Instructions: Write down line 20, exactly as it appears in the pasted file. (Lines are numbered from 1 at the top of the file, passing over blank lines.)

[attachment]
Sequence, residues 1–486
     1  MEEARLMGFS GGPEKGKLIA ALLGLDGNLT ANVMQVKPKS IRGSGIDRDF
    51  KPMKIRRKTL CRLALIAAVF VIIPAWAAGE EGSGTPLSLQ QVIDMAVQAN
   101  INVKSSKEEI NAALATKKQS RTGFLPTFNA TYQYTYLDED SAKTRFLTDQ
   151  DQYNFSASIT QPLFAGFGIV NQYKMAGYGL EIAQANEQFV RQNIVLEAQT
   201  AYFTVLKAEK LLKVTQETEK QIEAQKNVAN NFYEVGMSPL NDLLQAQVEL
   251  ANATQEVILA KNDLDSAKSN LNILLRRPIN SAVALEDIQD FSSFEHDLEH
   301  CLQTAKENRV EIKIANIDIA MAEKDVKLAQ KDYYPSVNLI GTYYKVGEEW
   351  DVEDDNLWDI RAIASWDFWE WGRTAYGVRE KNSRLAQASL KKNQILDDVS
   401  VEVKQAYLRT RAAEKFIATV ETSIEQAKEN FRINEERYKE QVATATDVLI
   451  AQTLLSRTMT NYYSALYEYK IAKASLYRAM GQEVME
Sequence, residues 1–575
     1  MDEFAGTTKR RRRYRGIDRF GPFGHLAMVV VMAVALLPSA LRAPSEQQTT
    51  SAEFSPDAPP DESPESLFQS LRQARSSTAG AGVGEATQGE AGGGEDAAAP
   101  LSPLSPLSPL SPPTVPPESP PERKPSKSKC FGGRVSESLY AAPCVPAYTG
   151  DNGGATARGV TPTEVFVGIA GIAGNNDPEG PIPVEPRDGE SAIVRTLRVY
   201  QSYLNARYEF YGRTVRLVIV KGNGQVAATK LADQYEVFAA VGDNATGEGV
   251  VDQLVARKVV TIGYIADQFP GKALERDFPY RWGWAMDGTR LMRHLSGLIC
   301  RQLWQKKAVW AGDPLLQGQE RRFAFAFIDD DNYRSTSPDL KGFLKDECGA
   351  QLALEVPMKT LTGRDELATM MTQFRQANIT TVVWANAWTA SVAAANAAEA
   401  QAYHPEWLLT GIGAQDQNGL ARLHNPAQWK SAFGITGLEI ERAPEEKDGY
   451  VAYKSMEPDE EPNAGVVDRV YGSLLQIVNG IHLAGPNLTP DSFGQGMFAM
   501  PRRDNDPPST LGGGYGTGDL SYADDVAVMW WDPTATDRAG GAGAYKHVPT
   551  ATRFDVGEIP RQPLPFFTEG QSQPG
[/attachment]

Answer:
   351  QLALEVPMKT LTGRDELATM MTQFRQANIT TVVWANAWTA SVAAANAAEA